Trucking News Online

Trucking Professionals Offer Tips on Avoiding Impact of Potholes

March 11, 2016 By: Trucking News Staff Tags: Fleet Management, News, Safety
Trucking Professionals Offer Tips on Avoiding Impact of Potholes

The American Trucking Associations (ATA) and the professional drivers that make up its Share the Road highway safety program urged motorists this week to be cautious around potholes.

“The trucking industry knows our network of highways continues to show signs of age and wear and tear every day, so when poor winter weather magnifies problems with our roads and bridges, safety has to be our biggest priority,” said ATA President and CEO Bill Graves.

“Professional truck drivers know the hazards associated with potholes because they see it in their daily work — cars sitting on the side of the road, blown tires creating unsafe conditions and traffic congestion slowing the movement of freight.”

A recent study released by AAA estimates that potholes cost drivers more than $3 billion annually. The costs come in the form of bent wheels, blown tires and suspension damage and, over the past five years, have impacted more than 16 million drivers.

“Potholes can cause extensive damage to your vehicle and create unsafe conditions for everyone on the road,” said Share the Road Professional Truck Driver Byron Bramwell (YRC Freight). “This time of year, it’s important that all drivers maintain safe following distances and go over potholes slowly so that the holes don’t get worse.”

ATA continues to call on lawmakers at every level of government — federal, state and local — to fully fund infrastructure repairs, and urges all drivers to stay safe by remaining alert and paying attention to potholes in their communities.

Share the Road Professional Truck Drivers are elite drivers with millions of accident-free miles. The drivers offered these tips in order to keep your family safe and avoid unnecessary car maintenance costs when faced with potholes:

Slow Down: If unable to fully avoid a pothole, it’s best to go over it slowly. Do not veer into other driving lanes to avoid potholes. Reducing your speed can prevent damage to your car and keep the pothole from expanding.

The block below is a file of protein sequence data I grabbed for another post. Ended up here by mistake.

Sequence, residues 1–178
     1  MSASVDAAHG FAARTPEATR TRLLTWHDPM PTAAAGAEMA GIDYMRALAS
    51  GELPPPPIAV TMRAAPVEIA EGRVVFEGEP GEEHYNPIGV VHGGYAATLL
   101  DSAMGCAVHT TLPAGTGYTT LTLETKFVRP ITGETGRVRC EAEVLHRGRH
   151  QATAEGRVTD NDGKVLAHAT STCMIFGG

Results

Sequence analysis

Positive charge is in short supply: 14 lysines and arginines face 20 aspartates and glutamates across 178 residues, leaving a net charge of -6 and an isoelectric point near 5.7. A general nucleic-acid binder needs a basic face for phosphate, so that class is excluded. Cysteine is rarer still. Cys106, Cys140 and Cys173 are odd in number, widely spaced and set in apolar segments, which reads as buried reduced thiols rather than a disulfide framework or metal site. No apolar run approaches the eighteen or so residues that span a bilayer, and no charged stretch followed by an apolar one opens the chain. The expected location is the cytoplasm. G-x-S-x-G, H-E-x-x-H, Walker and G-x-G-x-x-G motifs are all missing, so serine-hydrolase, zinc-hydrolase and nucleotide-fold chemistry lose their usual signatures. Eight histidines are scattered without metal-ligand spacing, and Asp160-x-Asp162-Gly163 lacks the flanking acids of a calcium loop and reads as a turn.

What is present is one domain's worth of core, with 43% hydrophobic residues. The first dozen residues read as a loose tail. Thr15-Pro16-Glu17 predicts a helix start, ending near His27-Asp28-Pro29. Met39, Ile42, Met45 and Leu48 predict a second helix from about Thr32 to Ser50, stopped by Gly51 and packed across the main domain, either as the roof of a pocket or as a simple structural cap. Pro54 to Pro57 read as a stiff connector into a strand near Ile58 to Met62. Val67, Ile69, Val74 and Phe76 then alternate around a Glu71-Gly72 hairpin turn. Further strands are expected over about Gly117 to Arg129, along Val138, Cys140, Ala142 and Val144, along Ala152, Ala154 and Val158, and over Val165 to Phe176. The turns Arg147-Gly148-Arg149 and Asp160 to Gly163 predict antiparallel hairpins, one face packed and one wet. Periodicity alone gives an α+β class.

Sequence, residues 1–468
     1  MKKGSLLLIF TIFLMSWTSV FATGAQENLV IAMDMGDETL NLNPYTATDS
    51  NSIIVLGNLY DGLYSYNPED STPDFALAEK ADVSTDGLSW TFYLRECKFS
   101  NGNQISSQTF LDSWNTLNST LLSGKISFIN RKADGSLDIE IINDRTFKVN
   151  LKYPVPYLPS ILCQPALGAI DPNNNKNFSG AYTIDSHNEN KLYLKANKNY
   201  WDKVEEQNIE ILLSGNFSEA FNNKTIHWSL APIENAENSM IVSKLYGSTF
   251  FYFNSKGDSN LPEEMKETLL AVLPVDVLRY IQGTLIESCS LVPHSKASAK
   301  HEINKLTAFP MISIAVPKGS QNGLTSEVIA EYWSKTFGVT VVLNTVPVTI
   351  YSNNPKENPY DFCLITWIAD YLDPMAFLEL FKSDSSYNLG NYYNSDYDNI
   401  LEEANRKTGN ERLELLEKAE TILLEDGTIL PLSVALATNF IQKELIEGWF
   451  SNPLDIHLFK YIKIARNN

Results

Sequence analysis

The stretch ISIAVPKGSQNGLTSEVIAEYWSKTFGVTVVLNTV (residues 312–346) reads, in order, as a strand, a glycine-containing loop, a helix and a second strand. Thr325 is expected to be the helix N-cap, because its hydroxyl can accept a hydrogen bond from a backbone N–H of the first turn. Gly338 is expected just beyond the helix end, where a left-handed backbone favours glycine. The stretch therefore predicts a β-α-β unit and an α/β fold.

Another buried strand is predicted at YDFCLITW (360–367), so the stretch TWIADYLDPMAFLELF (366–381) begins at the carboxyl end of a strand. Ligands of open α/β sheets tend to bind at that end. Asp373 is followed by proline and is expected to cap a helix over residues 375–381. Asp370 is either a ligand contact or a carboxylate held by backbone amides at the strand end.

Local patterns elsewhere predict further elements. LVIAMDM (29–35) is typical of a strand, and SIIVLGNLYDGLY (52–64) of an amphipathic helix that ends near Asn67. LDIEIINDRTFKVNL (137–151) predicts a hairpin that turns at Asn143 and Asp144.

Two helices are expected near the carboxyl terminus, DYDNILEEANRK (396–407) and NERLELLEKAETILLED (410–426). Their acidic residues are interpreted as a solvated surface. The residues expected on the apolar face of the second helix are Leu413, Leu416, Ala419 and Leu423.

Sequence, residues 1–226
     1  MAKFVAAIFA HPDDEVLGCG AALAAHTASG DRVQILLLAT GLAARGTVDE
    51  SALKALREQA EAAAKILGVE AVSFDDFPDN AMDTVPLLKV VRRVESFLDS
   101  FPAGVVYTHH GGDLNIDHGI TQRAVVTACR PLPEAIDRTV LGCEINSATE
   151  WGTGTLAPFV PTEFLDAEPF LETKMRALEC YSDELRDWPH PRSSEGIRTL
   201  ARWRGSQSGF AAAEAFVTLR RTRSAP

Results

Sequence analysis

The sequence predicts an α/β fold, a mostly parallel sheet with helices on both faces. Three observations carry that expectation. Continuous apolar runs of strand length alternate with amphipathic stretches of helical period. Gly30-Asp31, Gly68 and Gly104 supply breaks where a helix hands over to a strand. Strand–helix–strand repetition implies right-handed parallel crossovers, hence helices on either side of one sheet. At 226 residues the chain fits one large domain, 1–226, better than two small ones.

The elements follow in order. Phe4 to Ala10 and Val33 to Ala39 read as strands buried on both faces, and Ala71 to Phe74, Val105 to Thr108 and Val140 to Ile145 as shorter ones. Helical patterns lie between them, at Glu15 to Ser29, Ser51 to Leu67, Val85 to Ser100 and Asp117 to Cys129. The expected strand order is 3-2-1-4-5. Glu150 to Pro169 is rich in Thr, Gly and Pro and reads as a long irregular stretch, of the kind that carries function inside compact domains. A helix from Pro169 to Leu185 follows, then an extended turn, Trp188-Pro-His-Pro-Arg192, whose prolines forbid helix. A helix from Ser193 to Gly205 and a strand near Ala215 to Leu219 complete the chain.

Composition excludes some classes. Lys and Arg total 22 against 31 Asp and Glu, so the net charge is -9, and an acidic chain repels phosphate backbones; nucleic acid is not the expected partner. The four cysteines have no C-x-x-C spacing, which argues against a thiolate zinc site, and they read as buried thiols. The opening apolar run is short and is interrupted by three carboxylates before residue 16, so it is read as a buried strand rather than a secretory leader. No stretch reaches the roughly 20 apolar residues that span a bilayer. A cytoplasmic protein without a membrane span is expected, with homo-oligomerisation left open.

Report Potholes: Many cities and states have pothole reporting hotlines. One phone call could help create safer conditions for fellow motorists.

Buckle up: Safety belts reduce the risk of fatal injury by 45 percebt and are a simple way to increase your safety on the road. If traveling with any children, make sure they too are properly secured.

Properly secure every item in your vehicle: Try to suitably secure all objects and do not place anything on your lap or near the driver’s side floor. A pothole can cause improperly secured items to slide under the brake pedal and prevent you from stopping.

Be aware of the vehicle in front of you: Leave extra room between you and the vehicle in front to avoid asphalt from potholes that might kick up into your windshield.

Be aware of truck blind spots: When sharing the road with large trucks, be aware of their blind spots. If you can’t see the truck driver in his or her mirrors, then the truck driver can’t see you. Keep in mind that trucks will do their best at safely avoiding potholes.

Keep your eyes on the road: Distracted driving is a major cause of traffic accidents, and can keep you from avoiding potholes in your path. Two seconds of distracted driving creates unsafe conditions. Use your cell phone when stopped and never text while driving.